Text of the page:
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Biomed Opt Express. 2012 Dec 1;3(12):3161-75. doi: 10.1364/BOE.3.003161. Epub 2012 Nov 8.

Quantitative tomographic imaging of intermolecular FRET in small animals.

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Department of Biomedical Engineering, Rensselaer Polytechnic Institute, 110 8th Street, Troy, New York. 12180, USA ; Currently with the Center for Molecular Imaging, Beth Israel Deaconess Medical Center, 330 Brookline Avenue, Boston, Massachusetts 02215, USA.


Forster resonance energy transfer (FRET) is a nonradiative transfer of energy between two fluorescent molecules (a donor and an acceptor) in nanometer range proximity. FRET imaging methods have been applied to proteomic studies and drug discovery applications based on intermolecular FRET efficiency measurements and stoichiometric measurements of FRET interaction as quantitative parameters of interest. Importantly, FRET provides information about biomolecular interactions at a molecular level, well beyond the diffraction limits of standard microscopy techniques. The application of FRET to small animal imaging will allow biomedical researchers to investigate physiological processes occurring at nanometer range in vivo as well as in situ. In this work a new method for the quantitative reconstruction of FRET measurements in small animals, incorporating a full-field tomographic acquisition system with a Monte Carlo based hierarchical reconstruction scheme, is described and validated in murine models. Our main objective is to estimate the relative concentration of two forms of donor species, i.e., a donor molecule involved in FRETing to an acceptor close by and a nonFRETing donor molecule.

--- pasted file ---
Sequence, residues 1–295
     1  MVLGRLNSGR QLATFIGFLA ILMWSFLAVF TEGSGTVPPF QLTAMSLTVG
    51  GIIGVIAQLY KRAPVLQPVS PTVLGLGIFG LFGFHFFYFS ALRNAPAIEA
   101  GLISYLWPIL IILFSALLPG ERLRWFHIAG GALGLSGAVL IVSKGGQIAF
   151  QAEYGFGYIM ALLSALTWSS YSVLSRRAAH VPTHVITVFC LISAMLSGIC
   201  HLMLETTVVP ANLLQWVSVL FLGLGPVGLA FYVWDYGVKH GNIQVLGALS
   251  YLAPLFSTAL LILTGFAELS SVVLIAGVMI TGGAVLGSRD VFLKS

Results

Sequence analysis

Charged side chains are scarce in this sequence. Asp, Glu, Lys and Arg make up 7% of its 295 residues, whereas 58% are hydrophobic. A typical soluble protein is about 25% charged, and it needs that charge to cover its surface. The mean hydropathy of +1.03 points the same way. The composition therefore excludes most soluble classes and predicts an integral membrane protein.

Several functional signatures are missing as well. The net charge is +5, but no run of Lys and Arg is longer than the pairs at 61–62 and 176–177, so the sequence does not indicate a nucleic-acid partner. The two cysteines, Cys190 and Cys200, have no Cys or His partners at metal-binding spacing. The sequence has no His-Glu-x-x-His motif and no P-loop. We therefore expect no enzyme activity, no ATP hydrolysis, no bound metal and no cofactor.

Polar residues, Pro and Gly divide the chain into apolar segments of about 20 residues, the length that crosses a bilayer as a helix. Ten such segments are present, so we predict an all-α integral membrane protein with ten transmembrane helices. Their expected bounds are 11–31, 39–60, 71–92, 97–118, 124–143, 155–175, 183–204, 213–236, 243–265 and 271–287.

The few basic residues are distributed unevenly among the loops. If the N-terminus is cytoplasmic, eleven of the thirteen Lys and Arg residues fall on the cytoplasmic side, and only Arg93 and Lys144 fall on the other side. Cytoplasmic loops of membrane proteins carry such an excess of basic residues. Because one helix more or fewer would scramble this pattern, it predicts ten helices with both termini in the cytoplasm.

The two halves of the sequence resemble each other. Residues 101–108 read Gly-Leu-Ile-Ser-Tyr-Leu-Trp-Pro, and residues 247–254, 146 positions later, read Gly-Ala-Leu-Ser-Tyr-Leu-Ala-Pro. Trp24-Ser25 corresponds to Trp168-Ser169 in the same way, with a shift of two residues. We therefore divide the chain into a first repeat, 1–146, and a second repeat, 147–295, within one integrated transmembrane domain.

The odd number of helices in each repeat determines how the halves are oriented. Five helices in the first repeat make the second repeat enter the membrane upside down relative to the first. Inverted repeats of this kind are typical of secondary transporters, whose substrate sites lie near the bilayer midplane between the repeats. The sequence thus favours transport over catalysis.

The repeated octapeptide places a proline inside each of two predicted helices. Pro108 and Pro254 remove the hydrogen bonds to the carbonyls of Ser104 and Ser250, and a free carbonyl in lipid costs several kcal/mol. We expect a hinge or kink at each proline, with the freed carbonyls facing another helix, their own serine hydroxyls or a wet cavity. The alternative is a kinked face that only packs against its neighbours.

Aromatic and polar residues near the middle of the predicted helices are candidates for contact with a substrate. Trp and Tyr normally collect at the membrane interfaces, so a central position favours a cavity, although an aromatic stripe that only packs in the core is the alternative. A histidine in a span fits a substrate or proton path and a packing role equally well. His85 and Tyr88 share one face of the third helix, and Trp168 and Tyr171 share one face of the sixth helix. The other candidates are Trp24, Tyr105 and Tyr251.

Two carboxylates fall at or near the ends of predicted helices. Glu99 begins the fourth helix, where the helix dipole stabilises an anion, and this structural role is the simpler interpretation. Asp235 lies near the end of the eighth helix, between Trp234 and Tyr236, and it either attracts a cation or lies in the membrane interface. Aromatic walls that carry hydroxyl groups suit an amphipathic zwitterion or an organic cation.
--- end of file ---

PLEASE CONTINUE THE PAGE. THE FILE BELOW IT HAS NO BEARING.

(110.6955) Tomographic imaging; (170.3650) Lifetime-based sensing; (170.6920) Time-resolved imaging

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